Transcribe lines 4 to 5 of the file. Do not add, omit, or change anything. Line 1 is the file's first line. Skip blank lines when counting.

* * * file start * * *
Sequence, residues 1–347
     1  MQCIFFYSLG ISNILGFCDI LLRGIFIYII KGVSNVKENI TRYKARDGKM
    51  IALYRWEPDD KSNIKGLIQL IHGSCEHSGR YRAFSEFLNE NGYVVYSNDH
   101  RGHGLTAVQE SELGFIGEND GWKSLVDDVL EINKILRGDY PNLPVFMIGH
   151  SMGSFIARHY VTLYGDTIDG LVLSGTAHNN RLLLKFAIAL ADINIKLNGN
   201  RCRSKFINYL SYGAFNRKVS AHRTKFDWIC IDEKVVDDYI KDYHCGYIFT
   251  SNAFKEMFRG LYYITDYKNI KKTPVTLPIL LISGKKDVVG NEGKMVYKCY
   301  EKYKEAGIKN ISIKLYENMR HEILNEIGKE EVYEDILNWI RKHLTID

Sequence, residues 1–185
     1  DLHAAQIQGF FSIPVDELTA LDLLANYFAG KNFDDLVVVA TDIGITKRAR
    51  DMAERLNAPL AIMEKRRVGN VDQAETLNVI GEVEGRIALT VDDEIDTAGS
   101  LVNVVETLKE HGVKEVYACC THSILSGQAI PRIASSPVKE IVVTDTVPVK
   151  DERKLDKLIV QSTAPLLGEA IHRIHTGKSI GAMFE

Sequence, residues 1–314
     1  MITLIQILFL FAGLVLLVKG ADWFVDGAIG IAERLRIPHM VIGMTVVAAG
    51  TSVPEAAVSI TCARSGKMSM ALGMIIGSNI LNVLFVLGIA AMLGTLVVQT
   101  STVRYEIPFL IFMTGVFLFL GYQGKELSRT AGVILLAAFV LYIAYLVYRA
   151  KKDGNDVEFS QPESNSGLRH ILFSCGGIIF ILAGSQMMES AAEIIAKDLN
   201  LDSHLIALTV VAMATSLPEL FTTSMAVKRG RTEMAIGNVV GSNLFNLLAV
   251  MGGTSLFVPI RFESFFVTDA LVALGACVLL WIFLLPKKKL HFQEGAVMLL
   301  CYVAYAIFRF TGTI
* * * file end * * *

   101  RGHGLTAVQE SELGFIGEND GWKSLVDDVL EINKILRGDY PNLPVFMIGH
   151  SMGSFIARHY VTLYGDTIDG LVLSGTAHNN RLLLKFAIAL ADINIKLNGN